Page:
Robertson’s feedback to Kipnis’ exchange is utilized by elaborating on three main issues he has with Kipnis’ defense of unqualified medical confidentiality. The first issue being Kipnis’ evidence for claim that qualified confidentiality averts individuals from seeking treatment is both uncertain and misleading due to the lack of evidence. The second issue that Robertson indicates is a possible third group Kipnis neglects, patients willing to disclose information even if it is data prone to being reported. The final issue Robertson evaluates is that Kipnis’ altercation is considered unrealistic when thousands and or millions of lives are at risk and that absolute confidential information is crucial (Robertson, 2006).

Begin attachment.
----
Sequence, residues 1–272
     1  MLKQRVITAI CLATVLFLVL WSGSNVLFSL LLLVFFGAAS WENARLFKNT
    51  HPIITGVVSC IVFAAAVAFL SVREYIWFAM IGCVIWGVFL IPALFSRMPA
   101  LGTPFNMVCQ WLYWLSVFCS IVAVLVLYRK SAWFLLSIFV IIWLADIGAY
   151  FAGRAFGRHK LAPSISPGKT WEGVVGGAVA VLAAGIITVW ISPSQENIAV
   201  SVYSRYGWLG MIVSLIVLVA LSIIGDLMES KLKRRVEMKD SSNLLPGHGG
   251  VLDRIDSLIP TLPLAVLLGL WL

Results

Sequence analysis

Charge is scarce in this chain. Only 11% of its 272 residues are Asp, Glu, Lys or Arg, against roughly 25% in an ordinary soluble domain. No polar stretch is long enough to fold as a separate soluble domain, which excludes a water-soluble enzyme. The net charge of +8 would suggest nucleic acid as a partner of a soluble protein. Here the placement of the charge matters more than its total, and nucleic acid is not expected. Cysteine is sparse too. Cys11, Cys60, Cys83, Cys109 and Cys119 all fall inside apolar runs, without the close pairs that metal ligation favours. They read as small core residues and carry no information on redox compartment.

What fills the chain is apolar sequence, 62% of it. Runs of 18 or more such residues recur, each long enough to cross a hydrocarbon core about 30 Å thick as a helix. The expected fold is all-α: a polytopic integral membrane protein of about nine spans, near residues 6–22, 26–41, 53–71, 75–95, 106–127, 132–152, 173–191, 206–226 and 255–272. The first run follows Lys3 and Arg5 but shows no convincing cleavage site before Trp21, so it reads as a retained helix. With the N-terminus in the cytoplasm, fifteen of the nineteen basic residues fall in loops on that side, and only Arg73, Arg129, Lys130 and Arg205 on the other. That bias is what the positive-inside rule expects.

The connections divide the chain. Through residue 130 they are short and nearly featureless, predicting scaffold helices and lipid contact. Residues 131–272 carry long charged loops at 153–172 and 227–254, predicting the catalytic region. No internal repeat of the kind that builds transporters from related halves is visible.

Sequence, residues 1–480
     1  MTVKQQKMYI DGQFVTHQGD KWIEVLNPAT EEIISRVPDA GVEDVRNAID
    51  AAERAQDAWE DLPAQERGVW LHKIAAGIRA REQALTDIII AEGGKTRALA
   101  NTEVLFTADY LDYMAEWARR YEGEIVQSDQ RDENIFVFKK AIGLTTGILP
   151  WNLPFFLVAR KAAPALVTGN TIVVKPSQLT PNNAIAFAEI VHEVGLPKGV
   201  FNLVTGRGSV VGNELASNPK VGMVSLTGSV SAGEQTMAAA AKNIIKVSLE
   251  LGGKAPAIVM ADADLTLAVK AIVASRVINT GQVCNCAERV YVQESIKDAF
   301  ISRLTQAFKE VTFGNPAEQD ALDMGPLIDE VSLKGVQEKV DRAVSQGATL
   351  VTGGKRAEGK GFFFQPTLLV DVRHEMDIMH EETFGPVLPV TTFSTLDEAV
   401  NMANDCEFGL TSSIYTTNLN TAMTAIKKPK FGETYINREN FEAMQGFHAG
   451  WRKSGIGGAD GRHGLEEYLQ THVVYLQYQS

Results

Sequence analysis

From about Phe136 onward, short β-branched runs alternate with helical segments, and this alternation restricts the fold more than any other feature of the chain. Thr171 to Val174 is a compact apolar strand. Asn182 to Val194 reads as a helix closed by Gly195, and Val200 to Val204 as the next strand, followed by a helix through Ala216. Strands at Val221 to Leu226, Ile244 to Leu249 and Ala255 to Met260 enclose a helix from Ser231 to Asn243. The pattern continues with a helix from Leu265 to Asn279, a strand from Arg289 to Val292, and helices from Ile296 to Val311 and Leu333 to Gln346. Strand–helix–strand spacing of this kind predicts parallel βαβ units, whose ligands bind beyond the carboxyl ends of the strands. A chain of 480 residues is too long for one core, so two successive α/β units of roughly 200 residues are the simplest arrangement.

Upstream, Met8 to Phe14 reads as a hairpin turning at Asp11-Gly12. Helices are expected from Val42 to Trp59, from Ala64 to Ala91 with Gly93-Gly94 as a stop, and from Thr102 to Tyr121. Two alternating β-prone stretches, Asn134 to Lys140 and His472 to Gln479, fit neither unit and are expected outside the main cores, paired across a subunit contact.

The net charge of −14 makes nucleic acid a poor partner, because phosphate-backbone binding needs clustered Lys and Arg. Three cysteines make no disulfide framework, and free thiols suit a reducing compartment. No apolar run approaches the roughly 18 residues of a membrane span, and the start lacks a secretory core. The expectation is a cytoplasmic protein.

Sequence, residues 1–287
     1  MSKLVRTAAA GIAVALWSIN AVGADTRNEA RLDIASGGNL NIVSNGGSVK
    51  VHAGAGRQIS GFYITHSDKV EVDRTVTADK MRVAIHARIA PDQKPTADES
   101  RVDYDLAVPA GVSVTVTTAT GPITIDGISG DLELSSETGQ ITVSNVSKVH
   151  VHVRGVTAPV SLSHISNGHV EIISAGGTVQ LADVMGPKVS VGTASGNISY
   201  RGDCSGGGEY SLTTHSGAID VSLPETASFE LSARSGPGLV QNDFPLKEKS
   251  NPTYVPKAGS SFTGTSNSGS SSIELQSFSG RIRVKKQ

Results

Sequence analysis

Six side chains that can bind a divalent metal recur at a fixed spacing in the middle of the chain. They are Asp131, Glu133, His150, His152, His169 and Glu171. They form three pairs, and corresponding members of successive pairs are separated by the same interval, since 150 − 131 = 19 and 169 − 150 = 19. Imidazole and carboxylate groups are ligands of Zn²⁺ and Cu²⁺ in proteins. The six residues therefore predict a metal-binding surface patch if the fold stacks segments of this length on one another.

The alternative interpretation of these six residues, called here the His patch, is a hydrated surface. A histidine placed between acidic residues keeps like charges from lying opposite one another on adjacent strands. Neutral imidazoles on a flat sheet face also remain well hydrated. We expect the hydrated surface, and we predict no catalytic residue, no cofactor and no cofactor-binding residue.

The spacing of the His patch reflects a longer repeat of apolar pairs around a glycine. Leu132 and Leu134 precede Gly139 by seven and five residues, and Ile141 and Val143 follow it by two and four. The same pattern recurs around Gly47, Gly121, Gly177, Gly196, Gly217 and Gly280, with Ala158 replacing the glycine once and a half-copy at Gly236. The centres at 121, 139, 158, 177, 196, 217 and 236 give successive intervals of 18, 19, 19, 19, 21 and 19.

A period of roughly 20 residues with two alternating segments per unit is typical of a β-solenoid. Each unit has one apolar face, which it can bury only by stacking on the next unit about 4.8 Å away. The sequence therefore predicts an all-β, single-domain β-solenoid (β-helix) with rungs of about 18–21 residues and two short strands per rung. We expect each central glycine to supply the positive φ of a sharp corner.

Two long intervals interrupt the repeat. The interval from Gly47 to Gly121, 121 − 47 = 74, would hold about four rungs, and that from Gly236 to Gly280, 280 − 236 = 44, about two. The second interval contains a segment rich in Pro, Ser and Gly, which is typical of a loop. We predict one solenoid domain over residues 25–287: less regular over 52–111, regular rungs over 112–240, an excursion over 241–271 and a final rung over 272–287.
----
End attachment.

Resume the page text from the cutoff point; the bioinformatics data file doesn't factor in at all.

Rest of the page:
My Position

In my final analysis of the controversies between Kipnis and Robertson, I am lenient to agree more with Robertson on the issue because individuals will abide by their own terms and conditions with inherently being informed on potential breaches of confidentiality. Qualified confidentiality does not always restrain individuals from being discreet or at a minimum from saying things that they should or should not. A decent example given in lecture regarding lawyers, statistics show that individuals will tell the whole story to their lawyer, knowing that the lawyers will have to come up with a way to convey a story in favor of their clients in order to win a case or formulate a deal.